Friday, November 29, 2013

Kindness Raffle

In an effort to promote kindness amongst the student body I started a kindness raffle. Teachers are asked to award students a kindness ticket if they catch he or she doing an act of kindness for another peer or staff member. 

Either the student or the teacher fills out the raffle ticket with the student's name, homeroom teacher, and a brief description of the kind act that was performed. Students are asked to place completed raffle tickets in the raffle basket that is located in the main office. Every Friday afternoon I choose five tickets out of the basket. I then do a "kindness broadcast" announcing the five winners and their acts of kindness

When introducing this initiative to my staff I emphasized the importance of having the students write down the act of kindness they performed. This reflection is not only important for the student receiving the ticket, but also for the entire student body listening to the broadcast. It is my hope that reading these descriptions will help students to truly get an idea of what a kind act looks like, feels like, sounds like, etc.

The five winners are awarded these adorable shirts that the generous PTO at my school purchased for this program. Honestly, aren't these t-shirts just fantastic?

This is a fun and easy program to implement that can have a big difference on the climate in your building.  

Tuesday, November 26, 2013

A Lesson on Cooperation!

Lesson Objectives:
1. For students to learn the definition of cooperation.
2. For students to learn the behaviors associated with being cooperative.
3. For students to practice being cooperative in order to complete a task.

Materials Needed:
1. 6"x6" pre-cut construction paper squares (multiple colors)
2. An Our Cooperation Quilt paper 
3. Stapler
4. Copies of the Cooperation worksheet

This lesson is best for grades 2-5.

To begin I read the following letter to provide structure for the lesson (all my class lessons follow the Responsive Classroom format):
Next, we review the definition of cooperation. I ask students to share a time in their lives where they showed cooperation in order to complete a task. Some of the responses I typically receive are:
  • "Helping my family cook dinner".
  • "Working on a class project with a friend".
  • "Working as a team to win a sports game".
  • "Helping my mom hang a picture".
  • "Cleaning my room with my brother".
I follow up each student's response by asking them, "What did you do to work together"? Did you talk to each other? Listen to each others ideas? Compromise? Encourage each other? Take turns?  Distribute this worksheet to review the behaviors associated with being cooperative.

After the discussion period, I then move into the first cooperative activity. To do this, break the class into partners, and have them find a space in the classroom where they can sit down. Ask students to sit with their backs against each other and link arms. Tell students that their task is to stand up at the same time with out unlinking their arms. Give students about 3-5 minutes to try and do this.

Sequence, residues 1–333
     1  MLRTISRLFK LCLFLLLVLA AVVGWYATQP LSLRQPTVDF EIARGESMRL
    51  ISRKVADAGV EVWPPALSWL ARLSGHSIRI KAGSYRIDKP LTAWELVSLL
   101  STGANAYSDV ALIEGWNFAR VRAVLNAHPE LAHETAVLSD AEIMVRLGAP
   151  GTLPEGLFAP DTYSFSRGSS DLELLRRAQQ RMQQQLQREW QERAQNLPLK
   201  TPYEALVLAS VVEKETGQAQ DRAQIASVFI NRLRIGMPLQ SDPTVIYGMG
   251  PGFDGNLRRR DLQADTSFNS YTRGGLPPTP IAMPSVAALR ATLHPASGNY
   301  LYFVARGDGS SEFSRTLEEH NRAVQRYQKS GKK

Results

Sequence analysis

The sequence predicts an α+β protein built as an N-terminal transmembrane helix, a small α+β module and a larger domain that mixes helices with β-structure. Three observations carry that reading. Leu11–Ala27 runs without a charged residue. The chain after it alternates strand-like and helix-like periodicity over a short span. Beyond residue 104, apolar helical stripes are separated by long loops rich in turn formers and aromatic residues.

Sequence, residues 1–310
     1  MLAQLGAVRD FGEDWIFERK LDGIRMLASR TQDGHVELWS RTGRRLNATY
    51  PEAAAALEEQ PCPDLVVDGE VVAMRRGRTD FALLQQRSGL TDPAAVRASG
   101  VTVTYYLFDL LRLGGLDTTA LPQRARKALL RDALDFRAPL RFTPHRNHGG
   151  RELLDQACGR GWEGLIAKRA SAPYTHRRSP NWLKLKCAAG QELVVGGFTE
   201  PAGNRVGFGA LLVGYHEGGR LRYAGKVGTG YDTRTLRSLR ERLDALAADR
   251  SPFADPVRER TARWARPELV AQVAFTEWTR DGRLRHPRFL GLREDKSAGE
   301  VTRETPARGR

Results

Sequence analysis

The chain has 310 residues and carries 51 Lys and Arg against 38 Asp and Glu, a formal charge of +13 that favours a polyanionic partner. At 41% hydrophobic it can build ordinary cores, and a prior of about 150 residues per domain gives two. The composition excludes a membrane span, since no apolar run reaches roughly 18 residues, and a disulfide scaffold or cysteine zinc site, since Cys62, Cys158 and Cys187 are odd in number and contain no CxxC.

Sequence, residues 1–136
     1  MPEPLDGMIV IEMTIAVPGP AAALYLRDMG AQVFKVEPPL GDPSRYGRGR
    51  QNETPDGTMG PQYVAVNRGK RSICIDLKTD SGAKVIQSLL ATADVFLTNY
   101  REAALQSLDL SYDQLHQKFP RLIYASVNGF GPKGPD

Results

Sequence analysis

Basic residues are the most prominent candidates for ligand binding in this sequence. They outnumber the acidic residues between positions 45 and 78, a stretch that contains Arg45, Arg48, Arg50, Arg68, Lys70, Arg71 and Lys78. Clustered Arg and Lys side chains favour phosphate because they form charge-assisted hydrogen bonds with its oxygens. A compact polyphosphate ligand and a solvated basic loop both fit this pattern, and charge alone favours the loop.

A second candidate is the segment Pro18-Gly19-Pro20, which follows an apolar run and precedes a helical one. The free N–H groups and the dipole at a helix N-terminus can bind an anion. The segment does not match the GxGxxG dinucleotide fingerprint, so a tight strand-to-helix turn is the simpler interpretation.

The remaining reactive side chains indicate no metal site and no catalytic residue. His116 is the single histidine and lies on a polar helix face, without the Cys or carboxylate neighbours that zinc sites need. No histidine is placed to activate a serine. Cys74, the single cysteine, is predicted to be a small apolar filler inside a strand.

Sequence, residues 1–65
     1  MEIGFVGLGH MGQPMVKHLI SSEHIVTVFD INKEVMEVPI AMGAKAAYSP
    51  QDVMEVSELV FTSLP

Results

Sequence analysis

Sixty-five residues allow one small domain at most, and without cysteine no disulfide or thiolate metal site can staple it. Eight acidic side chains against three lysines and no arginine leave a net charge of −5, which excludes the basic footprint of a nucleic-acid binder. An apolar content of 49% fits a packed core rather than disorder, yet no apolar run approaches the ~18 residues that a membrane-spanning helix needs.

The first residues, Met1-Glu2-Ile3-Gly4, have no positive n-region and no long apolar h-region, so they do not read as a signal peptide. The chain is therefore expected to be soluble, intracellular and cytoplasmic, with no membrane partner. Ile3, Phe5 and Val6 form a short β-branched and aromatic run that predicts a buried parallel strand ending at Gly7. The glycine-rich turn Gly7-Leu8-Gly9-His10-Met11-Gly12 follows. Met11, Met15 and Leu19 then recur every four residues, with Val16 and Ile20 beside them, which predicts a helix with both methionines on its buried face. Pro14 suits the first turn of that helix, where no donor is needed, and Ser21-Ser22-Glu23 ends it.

Bring the class back together and process this experience with them. Use the following process questions:
  1. What was the easiest thing about doing this activity? What was the hardest?
  2. If you were not able to stand up, what do you think stopped you?
  3. If you were able to stand up, how did you do this?
  4. Which behaviors (from the worksheet) did you use when showing cooperation to complete this task? 
The next activity is to create a cooperation quilt. Distribute a square of construction paper to each student. Ask students to draw and/or write about time where they showed cooperation with a friend, family member, teacher, etc in order to complete a goal or a task. 

Collect each square and staple them all together to create a cooperation quilt. Staple this sign to your quilt for completion. 
Close the lesson stating, "when we all work together and show cooperation we can achieve great things"!

Sunday, November 17, 2013

Recess and Cafeteria Rules

Does your school tend to have "problems" arise during recess and lunch time?

Being new at my school last year I noticed my office would clog up with students right after recess and lunch trying to talk to me about an issue that had just occurred. I started to feel completely overwhelmed in the afternoons.  

One of my goals this school year was to cut down on the amount of recess and lunch time panic visits. To do this, I created cafeteria and recess rules. I created large posters and hung them up in the cafeteria. I reviewed them during the first week of school everyday. 

These seemingly simple posters have really cut down on the amount of after lunch visits to my office.

Feel free to use these rules at your school!